Depression, Suicide, and Disabilities

Individuals with disabilities–both physical and cognitive–have many daily battles. It is my personal opinion as a parent and caregiver of someone with disabilities that one of their biggest battles is with society. I say this from personal experience in trying to help my son fit into “normal” society. His medical issues are dealt with regularly to the best of our ability. I do my best to give him a good quality of life. We do our best to have inclusion. And we do our best to raise awareness about cognitive disabilities. But I  know many families who are not willing to step outside the box and integrate their disabled loved one into “normal” society. The stares, snickers, rudeness…it all makes for a very stressful time. It’s very VERY difficult to deal with alongside the disability. Believe me, I know.

But how does this affect the disabled individual? How does it make one feel when they’re functioning on a different cognitive level, or in a wheelchair?  How does it make one feel when they get sideway glances, whispers and giggles behind hands, blatant stares? I have a pretty good sense it can make one feel like total crap.


Individuals with disabilities deal with isolation more than those that aren’t disabled. I have seen this for my son, and it breaks my heart every time. Last year I held a birthday party for him. Gratefully, several people showed up. When they left, RJ sat in his rocker in front of the windows and watched. And waited. For hours. I could feel his sorrow and pain as he waited for someone special to show up to see him. Although he did not cry, I did. I went in my room and sobbed. I’m sure this happens for others as well. And for that reason, birthday parties aren’t held, social invites aren’t done or attended…the list goes on. Caregivers also experience this isolation. It’s very painful, and it can add to or lead to depression.

Signs and Symptoms

How can we tell if our disabled loved one is depressed, perhaps even suicidal? As neurotypical persons have symptoms of depression, so will someone with disabilities. These include, but aren’t limited to:

  • Loss of interest in favorite activities
  • Changes in sleep pattern
  • Loss of appetite
  • Problems with concentration
  • Body aches and pains
  • Behavioral changes, ie. angry outburts, crying

For more information about depression and its symptoms, visit the American Psychiatric Association’s webpage.

Causes of Depression

There are several reasons someone can feel depressed. Some are medical, some are due to emotional stress. If you feel your loved one is dealing with depression, consult with your primary care physician for medical testing. This is a good starting place to rule out what may be causing depression. I also feel that checking out your loved one’s social settings and interactions is important. As mentioned above, fitting into “normal” society…or trying to…is no easy task. Perhaps there’s something you can do to make it a bit easier. Severe depression can lead to suicidal thoughts, or tragically, suicide.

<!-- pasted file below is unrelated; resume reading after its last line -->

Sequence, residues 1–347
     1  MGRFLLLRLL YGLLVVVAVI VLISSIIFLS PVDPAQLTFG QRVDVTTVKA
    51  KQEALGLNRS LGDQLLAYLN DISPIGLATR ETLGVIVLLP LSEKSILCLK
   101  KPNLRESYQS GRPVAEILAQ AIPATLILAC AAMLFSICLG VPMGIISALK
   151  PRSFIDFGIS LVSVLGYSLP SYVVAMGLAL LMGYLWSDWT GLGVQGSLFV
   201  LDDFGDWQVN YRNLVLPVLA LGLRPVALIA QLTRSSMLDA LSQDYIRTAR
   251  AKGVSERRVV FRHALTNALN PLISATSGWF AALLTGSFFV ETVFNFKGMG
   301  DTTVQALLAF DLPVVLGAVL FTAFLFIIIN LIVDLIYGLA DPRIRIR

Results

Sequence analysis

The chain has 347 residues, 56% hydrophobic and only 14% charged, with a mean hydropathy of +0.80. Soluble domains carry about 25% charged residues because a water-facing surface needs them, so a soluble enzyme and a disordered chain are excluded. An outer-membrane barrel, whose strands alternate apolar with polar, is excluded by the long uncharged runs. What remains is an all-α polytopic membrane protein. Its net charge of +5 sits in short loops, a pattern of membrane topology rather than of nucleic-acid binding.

Stigma – A Double-Edged Sword

Individuals with any type of disability already have a “stigma” attached to them. People that have different views on religion, politics, same sex marriages…you name it, if it doesn’t fit the mass population’s approval, it’s no good. Any one of these groups can expect negativity in one way or another. This can lead to depression. And there you have another “stigma” added to the mix. Mental health issues. Mental illness. Even though 1 in every 4 Americans has some form of mental health issue, it’s still one of the biggest taboos out there. This is probably why it isn’t talked about, when it should be. Depression is considered to be a mental health/illness issue. But yet, it’s swept under the carpet until it’s too late. And when it gets to the point of someone committing suicide – there’s another stigma.

A Note About Caregivers

We as caregivers have much to do and much to look out for. We need to make sure our loved one’s physical needs are met.  their quality of life is good, and that they’re happy. In order to do this, (we aren’t always aware of it), we must fight a very close-minded society. It’s a tough battle not only for our loved ones, but for ourselves. Then throw into the mix the financial battles to survive if you can’t work while caring for them, and the constant battle to keep benefits in place. We, too, can be–and are–isolated. While we may have friends and family that listen and are supportive, they don’t walk our walk. Although our loved ones are priceless gifts to us from our Higher Powers, our journey in caring for them can be pure Hell. The battles we fight for our loved ones aren’t figments of our imagination, as some may say. It’s a kick-ass reality that can drag you down faster than you know it.

A Way Out of the Darkness

Depression is a very dark place for anyone. There are many programs that are geared towards  suicide (hotlines, home welfare checks), but these seem to be for “neurotypical” individuals. What can we do to help a disabled individual that’s becoming depressed? It might take a little more work in that we should check out their socialization. Are they getting enough human contact….meaning, compassion, empathy, friends? We need to make sure their other needs are being met also, but I’d bet money on where there’s something lacking.

Check on a disabled friend. Or their caregiver. Play a game of cards…seek out their company. A disabled individual and/or their caregiver have a lot to offer. We often say, “You’re so strong” or other seemingly words of encouragement. While they may have more strength in one area or another, the bottom line is they’re still a person. A human being. That might just need a hug, or a hello, or time spent having a cup of coffee. By doing so, you very well could be making a huge difference in their outlook on life.